• No separation of concerns – every application would need to know all the details about its pair app, thus every update within the app itself would require more updates of its P2P connections to follow.

To sum up, using P2P for more than a few apps will result in an IT maze built on a ‘spaghetti’ type of code, which is almost impossible to debug and maintain.

system integration - P2P integration complexity

It doesn’t take long to recognise the downsides and limitations of the P2P approach, and there is an alternative solution – an Enterprise Service Bus (ESB).

Integration today: ESB

The core concept of the ESB architecture is to integrate different applications by putting a bus-like component between them and enable each application to talk to each other through that bus. It allows to decouple systems from each other: they can communicate consistently without being dependent, or knowing much about other systems on the bus. Moreover, you won’t have to repeatedly code the same things over and over again.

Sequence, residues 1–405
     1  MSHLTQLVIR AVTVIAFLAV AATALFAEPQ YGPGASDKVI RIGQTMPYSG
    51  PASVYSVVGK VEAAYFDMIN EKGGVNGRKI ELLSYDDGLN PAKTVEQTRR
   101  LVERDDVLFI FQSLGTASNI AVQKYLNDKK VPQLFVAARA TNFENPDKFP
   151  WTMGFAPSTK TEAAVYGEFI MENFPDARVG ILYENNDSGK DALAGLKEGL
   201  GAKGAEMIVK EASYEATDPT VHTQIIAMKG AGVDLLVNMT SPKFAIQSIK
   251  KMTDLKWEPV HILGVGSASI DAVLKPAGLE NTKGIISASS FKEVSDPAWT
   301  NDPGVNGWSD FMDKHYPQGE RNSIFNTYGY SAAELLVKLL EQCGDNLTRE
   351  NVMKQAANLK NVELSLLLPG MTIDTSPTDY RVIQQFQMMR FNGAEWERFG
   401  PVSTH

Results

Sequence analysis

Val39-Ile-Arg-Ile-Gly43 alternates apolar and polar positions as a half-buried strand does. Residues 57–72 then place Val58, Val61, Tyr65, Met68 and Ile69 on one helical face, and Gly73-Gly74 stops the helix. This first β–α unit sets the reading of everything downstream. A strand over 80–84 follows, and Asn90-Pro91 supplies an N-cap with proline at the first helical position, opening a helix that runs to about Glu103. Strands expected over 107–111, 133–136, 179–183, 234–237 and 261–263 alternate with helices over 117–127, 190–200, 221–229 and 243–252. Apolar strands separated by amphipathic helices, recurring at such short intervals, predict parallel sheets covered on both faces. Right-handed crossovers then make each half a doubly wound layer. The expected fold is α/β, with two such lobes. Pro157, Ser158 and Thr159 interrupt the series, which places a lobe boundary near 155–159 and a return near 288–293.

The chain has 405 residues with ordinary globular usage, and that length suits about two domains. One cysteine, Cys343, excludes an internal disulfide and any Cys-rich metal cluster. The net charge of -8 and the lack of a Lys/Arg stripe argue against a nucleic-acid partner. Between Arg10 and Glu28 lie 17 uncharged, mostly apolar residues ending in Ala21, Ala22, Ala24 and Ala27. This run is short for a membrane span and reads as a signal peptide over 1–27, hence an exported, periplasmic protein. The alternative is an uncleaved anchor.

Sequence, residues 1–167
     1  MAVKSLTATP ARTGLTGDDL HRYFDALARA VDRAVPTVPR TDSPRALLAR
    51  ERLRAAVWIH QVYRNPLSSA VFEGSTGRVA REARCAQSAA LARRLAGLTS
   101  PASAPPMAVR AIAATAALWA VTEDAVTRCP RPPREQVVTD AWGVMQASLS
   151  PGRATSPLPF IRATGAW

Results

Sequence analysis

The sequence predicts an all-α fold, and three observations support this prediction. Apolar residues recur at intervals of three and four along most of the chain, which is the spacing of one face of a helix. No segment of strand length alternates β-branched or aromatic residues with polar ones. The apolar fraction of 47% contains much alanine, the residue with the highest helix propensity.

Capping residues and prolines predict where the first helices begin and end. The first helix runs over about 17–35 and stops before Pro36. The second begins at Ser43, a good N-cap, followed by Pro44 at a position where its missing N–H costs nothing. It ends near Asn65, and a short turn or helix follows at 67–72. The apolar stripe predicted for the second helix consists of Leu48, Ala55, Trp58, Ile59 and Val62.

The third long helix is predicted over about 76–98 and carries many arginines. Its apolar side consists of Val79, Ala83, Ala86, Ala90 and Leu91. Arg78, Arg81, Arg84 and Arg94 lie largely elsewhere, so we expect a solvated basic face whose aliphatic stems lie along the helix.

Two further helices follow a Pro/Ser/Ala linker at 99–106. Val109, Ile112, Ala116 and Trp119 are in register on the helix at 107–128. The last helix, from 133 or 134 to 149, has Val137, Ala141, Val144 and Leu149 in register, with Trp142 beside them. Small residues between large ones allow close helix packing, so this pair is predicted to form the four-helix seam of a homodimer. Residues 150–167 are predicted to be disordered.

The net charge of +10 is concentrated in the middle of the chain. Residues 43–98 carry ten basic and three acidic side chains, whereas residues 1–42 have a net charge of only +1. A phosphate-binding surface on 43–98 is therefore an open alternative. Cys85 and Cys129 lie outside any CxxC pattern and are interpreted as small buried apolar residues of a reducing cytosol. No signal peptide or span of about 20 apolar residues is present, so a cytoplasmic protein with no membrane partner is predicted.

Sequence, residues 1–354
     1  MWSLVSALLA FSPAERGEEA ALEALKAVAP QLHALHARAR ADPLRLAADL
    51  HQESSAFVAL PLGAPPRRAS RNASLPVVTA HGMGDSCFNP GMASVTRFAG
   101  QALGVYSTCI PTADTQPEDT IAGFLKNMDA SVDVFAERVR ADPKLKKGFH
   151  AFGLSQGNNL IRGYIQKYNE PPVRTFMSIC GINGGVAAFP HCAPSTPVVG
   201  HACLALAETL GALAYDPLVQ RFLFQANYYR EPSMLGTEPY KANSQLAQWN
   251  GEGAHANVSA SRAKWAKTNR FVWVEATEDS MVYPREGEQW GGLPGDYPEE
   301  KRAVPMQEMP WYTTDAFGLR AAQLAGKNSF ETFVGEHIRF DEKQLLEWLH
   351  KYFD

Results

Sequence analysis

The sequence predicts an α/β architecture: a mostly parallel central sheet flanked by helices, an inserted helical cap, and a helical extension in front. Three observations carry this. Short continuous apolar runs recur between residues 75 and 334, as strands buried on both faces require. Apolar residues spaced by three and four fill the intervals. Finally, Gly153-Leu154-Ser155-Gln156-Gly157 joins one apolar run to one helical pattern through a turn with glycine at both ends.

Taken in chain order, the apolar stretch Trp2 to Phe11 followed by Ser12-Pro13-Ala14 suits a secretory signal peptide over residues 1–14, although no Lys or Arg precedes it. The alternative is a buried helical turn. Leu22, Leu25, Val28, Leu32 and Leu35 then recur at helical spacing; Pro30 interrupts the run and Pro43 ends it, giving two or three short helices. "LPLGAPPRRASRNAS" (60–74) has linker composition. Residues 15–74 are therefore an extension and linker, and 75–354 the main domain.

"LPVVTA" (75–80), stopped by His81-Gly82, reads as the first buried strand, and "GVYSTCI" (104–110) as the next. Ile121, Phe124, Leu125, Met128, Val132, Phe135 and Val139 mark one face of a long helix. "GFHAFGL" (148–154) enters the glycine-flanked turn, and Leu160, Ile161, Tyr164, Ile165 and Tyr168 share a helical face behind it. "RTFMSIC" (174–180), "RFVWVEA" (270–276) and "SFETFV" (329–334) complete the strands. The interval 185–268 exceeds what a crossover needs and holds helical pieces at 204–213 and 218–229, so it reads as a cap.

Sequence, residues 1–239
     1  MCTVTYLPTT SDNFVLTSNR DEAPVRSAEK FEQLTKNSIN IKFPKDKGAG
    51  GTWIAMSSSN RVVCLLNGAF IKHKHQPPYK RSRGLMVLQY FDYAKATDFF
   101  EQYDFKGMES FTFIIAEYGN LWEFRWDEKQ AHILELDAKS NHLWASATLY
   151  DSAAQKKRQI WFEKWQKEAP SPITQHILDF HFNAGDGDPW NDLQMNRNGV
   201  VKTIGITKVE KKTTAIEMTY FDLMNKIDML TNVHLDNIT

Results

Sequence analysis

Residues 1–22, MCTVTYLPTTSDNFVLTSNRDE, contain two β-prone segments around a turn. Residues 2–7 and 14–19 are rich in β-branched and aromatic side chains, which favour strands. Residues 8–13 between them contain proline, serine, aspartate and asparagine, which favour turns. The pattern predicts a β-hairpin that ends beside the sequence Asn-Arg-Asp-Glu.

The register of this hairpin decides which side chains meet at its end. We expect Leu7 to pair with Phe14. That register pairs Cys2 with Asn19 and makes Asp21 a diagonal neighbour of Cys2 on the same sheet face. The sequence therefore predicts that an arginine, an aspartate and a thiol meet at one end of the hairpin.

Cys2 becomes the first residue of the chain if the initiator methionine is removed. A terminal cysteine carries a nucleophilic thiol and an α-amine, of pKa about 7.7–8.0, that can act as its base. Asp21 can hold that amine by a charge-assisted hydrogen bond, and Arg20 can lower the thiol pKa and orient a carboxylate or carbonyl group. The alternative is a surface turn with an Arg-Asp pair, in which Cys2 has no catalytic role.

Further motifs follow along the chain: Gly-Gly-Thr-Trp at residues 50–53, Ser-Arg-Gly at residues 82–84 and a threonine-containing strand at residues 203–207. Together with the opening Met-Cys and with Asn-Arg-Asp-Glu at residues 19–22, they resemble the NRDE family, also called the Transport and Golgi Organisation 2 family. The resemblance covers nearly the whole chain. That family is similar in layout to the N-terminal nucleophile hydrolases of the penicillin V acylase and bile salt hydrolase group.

In a nutshell, having the ESB as the backbone of an IT infrastructure allows:

  • Reducing the code bloat
  • Loose coupling (applications no longer need to know about one another)
  • Being platform-neutral (applications need to know only how to communicate with the ESB)

system integration - ESB illustration

And there are more benefits at play here.

Routing – an application does not need to know what the target is

Integration logic takes care of the messages’ routing to the right system. So if you need to disconnect a target system and put a new one, you just adjust the routing logic and your original application is not affected.

Transformation – an application does not need to convert data formats